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Chemical plant design & operations - Separator Vessel Nozzle Velocity and Momentum


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Separator Vessel Nozzle Velocity and Momentum

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bmp28 (Chemical) 19 May 06 6:34

Hi guys, I'm checking 2 phase separator vessel inlet nozzle velocity and momentum,, using various guidelines and refereces, but nothing conclusive. One company internal guideline for separator inlet nozzle rho v2 suggests, -No inlet device rho-v2 <1000 kg/ms -Pipe inlet device rho-v2 <1500 kg/ms -Vane type inlet device rho-v2 <6000 kg/ms When used inconjunction the velocity limits of 10-25 m/s for vapor and 8-15 for mixed phase flow, the rho v2 limits are breached. Is there a guideline like API RP or Shell DEP that suggest the maximum velocity and momentum limitation in separators? Which is governing, velocity or the momentum? Thanks in advance, bmp28

katmar (Chemical)

19 May 06 7:34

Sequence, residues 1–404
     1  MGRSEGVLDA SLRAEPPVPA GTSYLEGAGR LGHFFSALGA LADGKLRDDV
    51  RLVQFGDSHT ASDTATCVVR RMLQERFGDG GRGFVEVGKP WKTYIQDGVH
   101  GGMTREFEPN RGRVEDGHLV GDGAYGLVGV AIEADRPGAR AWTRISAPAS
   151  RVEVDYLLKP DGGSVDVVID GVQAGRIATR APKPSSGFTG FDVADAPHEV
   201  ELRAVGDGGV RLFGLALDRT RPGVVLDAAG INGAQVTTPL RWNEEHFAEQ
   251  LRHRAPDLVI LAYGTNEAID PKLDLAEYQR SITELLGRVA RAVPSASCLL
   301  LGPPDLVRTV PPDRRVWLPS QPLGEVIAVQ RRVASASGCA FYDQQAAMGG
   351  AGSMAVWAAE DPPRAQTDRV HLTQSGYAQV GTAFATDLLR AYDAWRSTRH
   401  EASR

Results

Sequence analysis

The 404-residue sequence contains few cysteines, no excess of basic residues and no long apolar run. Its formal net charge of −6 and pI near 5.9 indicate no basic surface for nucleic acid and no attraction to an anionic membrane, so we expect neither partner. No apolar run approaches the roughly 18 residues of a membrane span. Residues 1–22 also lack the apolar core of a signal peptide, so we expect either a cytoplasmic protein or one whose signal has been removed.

One free standard that is available is the NORSOK P-100 Katmar Software Engineering & Risk Analysis Software

sethoflagos (Chemical)

19 May 06 12:06

bmp28, The DEP reference is which gives rho-v2 limits identical to those you quote (december 1996 revision).



Chemical plant design & operations - Separator Vessel Nozzle Velocity and Momentum

It's very conservative.

roker (Chemical)

20 May 06 2:44

hello bmp28, beside the rov^2 a very useful design is a tangential inlet. regards, roker

skyporker (Chemical)

29 Jun 06 7:21

So is separation efficiency reduced if momentum is above these guidelines? or are the concerns excessive pressure loss and erosion? Regards, skyP

25362 (Chemical)

29 Jun 06 9:12

Please note that kg/(ms2) = N/m2 = Pa, a pressure unit. Wear by erosion depends on the impacting particle velocity and the angle of impingement. At a 20o angle erosion may already be considerable. For liquid droplets impinging on a solid surface at 90o the pressure on impact is: p = vs v where: p = pressure on impact [Pa]; = liquid density [kg/m3]; vs = sound velocity in liquid [m/s]; v = liquid droplet velocity [m/s]. As an example, for water droplets travelling at 100 m/s, p = 10001500100 = 150 [MPa] ! Wear by impact can form holes or pits, and may even cause fracture if the material is brittle. This is a subject covered -among others- in tribology engineering books. The following threads and the links therein may show to be helpful with regard to corrosive-erosive wear of piping: thread794-57906 thread378-66050 thread378-64478 thread378-30500 thread338-23463 thread124-70976

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Chemical plant design & operations - Separator Vessel Nozzle Velocity and Momentum

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